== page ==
As every year in November, the database circus moved to Nuremberg on behalf of the annual DOAG conference. As you may know, this conference has very high standards in terms of turnout and top-notch speakers and it reached them once again: It was a great event!
It started with the welcome keynote where Stefan Kinnen told us that the conference attracted over 2000 attendees and more than 400 speakers from all over the world. That should make it the largest database conference in Europe, I suppose!
I went on to attend Tirthankar Lahiri who presented about the In-Memory column store:
To me, the In-Memory expressions and In-Memory external tables sounded particular useful here.
Next talk was done by Martin Widlake about Performance Tuning:
I liked his statement that in order to solve performance problems, the key skill you need is not technical in the first place, but more of a social nature: You need to thoroughly understand the problem and listen carefully. Secondly, some technical expertise is helpful, of course 🙂
Afterwards I did my own talk about Flashback in the same room to approximately 150 attendees – some less than Martin had, though:
The talk was well received, I finished my live demos in time while being able to answer some questions also – all good 🙂
Then came The Basics of Machine Learning by Heli Helskyaho (the pic I took is too bad to put it here, unfortunately) whose talk was so successful that she had to repeat it on the next day. Great job!
I went on attending Markus Michalewicz presenting about The Smartest HA Features in Oracle’s Autonomous Database:
Here I liked the new concept of “Recovery Buddies” in RAC that leads to a shorter freeze time of the Global Resource Directory if one instance fails in particular.
Then came a talk How to run a user group delivered by three (!) presidents:
Martin emphasized that you need to have (at least) one guy who is passionate about the topic and one (often another guy) who gets things organized. Apart from that, size doesn’t matter that much: You can start a user group with three persons. Kamil and Luiza told us their story about how they started the POUG user group in Poland while Stefan gave us some insights into the quite extensive DOAG internal organization.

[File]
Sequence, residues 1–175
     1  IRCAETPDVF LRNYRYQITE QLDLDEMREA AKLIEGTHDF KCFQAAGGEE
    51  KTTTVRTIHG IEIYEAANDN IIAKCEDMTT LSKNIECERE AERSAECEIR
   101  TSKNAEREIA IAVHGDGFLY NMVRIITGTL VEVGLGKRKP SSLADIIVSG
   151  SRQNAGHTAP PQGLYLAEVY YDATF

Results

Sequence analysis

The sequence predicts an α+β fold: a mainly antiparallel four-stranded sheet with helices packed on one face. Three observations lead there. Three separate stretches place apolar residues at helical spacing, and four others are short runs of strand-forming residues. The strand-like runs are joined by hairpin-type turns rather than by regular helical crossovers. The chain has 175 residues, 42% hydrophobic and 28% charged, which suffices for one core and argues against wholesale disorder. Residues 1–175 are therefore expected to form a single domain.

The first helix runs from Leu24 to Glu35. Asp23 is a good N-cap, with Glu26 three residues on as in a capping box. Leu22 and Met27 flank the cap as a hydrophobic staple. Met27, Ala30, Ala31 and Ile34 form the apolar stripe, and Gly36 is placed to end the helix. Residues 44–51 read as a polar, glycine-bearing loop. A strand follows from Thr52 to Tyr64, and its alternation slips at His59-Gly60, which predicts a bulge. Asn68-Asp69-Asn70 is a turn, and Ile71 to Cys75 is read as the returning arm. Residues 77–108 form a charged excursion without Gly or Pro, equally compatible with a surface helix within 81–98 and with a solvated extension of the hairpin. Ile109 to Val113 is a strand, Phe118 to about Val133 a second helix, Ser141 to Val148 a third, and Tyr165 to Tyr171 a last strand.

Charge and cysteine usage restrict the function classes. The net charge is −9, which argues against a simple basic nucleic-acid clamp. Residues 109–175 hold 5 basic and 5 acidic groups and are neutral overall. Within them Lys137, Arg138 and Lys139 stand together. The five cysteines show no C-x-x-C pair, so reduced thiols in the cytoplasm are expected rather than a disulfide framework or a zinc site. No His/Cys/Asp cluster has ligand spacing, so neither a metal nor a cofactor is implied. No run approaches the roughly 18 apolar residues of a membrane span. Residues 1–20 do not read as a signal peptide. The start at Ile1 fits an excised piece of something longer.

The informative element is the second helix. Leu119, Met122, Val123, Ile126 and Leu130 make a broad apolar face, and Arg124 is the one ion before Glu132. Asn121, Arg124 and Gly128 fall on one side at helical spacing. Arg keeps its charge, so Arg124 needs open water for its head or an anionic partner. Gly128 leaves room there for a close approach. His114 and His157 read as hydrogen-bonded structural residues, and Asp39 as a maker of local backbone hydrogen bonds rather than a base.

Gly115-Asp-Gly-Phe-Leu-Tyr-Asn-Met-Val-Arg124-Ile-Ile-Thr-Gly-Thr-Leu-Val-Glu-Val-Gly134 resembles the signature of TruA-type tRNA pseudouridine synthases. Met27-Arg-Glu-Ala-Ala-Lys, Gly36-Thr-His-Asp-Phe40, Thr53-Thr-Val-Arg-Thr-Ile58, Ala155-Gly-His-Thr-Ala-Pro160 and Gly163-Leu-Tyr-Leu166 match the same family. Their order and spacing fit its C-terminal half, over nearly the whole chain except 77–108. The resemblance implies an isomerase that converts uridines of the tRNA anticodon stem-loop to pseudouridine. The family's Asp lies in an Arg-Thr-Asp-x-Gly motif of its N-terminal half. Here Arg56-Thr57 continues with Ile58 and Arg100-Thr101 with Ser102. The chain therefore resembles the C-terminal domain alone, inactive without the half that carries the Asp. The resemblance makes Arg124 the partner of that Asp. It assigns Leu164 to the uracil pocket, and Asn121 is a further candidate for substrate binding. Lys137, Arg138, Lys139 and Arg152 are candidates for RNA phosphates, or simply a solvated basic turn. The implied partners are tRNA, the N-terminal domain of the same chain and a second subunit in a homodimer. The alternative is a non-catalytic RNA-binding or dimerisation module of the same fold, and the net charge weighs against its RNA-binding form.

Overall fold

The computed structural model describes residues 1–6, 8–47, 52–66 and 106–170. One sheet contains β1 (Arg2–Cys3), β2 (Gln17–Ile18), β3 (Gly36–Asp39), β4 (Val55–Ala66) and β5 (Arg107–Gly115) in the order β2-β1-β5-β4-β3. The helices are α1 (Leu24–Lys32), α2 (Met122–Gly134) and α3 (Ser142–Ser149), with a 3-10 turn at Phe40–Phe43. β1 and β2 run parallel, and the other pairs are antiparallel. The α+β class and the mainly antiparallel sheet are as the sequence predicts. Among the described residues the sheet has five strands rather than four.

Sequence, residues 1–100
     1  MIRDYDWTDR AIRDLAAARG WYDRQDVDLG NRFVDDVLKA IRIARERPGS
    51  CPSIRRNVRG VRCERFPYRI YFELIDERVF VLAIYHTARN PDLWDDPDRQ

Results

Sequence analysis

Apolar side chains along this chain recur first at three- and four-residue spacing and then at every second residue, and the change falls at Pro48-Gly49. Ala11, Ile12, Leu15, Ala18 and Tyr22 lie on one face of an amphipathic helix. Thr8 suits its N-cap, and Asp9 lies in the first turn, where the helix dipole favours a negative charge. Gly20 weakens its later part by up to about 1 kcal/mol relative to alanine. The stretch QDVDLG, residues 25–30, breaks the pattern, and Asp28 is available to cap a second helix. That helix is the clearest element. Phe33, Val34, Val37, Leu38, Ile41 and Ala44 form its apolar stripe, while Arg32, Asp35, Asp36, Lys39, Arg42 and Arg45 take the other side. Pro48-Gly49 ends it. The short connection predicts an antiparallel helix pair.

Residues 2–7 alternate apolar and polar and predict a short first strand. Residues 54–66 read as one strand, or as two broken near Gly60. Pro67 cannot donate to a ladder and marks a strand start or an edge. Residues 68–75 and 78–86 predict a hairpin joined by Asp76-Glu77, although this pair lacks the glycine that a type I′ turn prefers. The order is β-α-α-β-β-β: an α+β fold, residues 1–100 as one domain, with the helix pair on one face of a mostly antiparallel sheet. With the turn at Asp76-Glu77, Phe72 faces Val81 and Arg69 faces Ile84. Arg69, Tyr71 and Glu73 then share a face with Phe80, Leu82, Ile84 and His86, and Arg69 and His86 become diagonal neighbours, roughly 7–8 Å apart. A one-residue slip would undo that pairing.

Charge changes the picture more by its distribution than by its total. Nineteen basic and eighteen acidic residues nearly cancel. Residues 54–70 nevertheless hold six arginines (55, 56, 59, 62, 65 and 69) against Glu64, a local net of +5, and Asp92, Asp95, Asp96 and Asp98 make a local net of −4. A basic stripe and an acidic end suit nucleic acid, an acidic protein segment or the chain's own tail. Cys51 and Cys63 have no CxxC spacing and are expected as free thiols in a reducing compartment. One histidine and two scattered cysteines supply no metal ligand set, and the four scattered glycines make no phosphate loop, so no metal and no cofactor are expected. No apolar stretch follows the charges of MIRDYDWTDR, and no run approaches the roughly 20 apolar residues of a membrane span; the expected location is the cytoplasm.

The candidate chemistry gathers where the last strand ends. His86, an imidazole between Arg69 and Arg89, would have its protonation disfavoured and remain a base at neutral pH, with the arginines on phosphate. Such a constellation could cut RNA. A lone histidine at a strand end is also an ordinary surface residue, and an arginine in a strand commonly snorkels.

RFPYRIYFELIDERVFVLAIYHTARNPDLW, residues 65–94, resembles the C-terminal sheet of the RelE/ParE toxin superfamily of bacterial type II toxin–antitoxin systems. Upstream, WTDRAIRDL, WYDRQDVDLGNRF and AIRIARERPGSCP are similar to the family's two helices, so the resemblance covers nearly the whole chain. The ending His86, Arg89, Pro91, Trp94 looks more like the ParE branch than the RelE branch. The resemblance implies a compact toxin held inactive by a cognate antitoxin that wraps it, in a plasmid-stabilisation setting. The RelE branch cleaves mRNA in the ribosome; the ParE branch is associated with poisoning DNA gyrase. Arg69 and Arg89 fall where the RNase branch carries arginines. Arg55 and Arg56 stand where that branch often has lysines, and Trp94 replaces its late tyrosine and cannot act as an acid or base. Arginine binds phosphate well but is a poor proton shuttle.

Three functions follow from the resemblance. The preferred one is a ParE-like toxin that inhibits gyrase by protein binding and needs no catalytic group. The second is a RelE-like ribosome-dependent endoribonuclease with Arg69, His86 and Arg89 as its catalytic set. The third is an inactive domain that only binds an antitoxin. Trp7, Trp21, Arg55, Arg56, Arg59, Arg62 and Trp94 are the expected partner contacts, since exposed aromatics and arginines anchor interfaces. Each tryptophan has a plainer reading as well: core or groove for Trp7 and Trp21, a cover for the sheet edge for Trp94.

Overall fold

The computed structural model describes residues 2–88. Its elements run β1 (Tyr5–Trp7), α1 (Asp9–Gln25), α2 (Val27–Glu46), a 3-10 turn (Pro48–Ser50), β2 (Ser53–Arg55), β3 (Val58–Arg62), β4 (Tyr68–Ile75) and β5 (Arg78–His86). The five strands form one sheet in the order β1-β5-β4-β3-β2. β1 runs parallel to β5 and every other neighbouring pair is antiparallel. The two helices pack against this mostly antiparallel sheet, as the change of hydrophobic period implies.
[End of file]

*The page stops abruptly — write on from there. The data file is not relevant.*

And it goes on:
Continued with RAC Performance Internals by Anil Nair who attracted a substantial audience in the largest room:
One takeaway here was for me that on Exadata, Oracle RAC uses ExaFusion to achieve 3 times faster block transfers over the interconnect compared to non-Exadata platforms – which is one more reason why Oracle uses Exadata as the platform for their autonomous database offers.
Then I was really shocked by the outcome of the DOAG support survey: Two thirds of the 270 customers interviewed said they are not satisfied with Oracle Support! That was even worse than two years ago when that survey reported over 50 % discontent. The room Singapur was full – but unfortunately filled with frustrated people who gave the Oracle officials present a hard time. I felt bad for them, it was a bitter moment, being for so long with Oracle myself in the past.
Went on to attend The battle between Oracle vs. PostgreSQL:
Frankly, my impression was that Daniel came up with the better arguments but Jan scored many sympathy points – nonetheless because many people wanted Postgres to win over Oracle. I think Oracle has to watch out here in order not to alienate from their customer base further. Otherwise, Postgres might continue to take away market share.
Next talk was from Paolo Kreth about Open Source Databases:
His message was that DBAs cannot ignore the usage of open source tools but have to be approachable and try to assist the internal customers with these tools. Otherwise they may just become less relevant.
Another interesting presentation was The changing role of the DBA by Valentin Leonard Tabacaru:
Especially in the light of Oracle’s new autonomous databases, his prediction is that maintenance tasks like patching will disappear while areas like data modelling, security or application tuning should become more important for DBAs.
Another very good talk was about the TimesTen In-Memory database by Doug Hood:
He showed some convincing facts to back his claim that TimesTen is the fastest In-Memory database regarding OLTP workloads while also providing fault-tolerance and scalability.
All in all, the DOAG annual conference rocked again, kudos to the DOAG members who helped organizing and running it again so smoothly!